Bureaucrats or career-minded political appointees leaking to advance their own aims, however, covers a lot more rational actors.  Even if their motives are far from pure, the combination of individual incentives encourages a lot more leaking than would otherwise occur.  Like Adam Smith’s invisible hand, even if the intent is not for policymakers to provide more information to the press, the combined effect is a larger and more accurate spotlight on the foreign policy machine.

 I see his point – but can we choose “neither”?


If it weren’t for their porch light, I would have lost all sight of the house across the street just now. We don’t get a lot of lake effect here south of the Thruway, but this morning we’re getting a classic. Good day to be inside, warm, and with bacon on the stove . . . .

Johns Hopkins and Baltimore do the PILOT tango

Payment in Lieu of Taxes, that is.

Here’s the truth of the matter — a well-established college or university is not portable:

“You can’t sequester our institutions from the community,” Daniels told the development board at its monthly meeting. “All of these things impact very directly the survival of our institutions. The reality is that we have billions of dollars invested in Baltimore City and we cannot, like some other institutions that have left the city, we cannot willy-nilly leave the city. We are here.”

Of course, part of the situation is that universities (especially) are now becoming developers on their own. Everyone’s partnered with developers for a long time to build things like residential complexes, but all these mixed use developments on the borders of campuses are something fairly recent.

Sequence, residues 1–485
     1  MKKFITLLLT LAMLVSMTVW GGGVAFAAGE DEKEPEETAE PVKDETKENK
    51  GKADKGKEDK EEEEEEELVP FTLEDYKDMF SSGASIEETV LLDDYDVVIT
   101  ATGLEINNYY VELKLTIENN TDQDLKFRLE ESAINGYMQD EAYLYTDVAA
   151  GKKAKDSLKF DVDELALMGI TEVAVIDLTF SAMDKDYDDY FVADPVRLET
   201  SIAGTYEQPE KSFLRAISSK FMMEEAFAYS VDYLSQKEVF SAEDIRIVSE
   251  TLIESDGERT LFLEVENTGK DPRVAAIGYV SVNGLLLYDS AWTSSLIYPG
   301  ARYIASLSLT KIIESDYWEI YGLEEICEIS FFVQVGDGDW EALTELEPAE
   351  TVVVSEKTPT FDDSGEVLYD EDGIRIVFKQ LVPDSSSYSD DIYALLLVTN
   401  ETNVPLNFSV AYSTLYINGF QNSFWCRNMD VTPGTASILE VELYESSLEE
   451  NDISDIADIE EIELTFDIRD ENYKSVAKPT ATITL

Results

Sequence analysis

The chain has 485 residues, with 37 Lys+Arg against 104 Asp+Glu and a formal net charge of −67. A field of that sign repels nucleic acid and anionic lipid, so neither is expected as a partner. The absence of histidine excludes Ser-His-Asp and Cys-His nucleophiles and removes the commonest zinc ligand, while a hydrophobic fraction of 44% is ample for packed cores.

The First Day of Pompeii!

And I introduced it with this clip, showing the 1944 eruption. I think the cameramen behind the American lines had been filming combat for so long that they were a little bored — and willing to stand near falling buildings to get a good shot!

Hmmm – this is annoying.The Youtube clip shows up in Firefox but not in Safari…must be some sort of WordPress weirdness? Flash problems? If you’re using Safari, click here.

Ah, another charming urban finance story from Upstate New York

Buffalo teachers do their part to prevent their school system from bankruptcy. Buffalo teachers take advantage of free plastic surgery provisions in their city contract, to the tune of $5.9 million dollars last year.

Last year, the town’s 3,400 teachers spent $5.9 million (£3.74 million) of public money on enhancing their appearance, at a time when the school district is forecast to run a $42 million (£27 million) deficit.

The free treatment for public servants in Buffalo including police officers and firefighters began in the 1970s, as a way of covering the costs of caring for burn and gunshot victims at a time when plastic surgery was relatively uncommon.

By 2004, the bill had reached $1 million (£634,000), peaking at $9 million (£5.7 million) in 2009. Nine out of 10 procedures are now skin treatments such as Botox, and 100 per cent are described as elective, and therefore medically unnecessary.

via Bergheim Follies.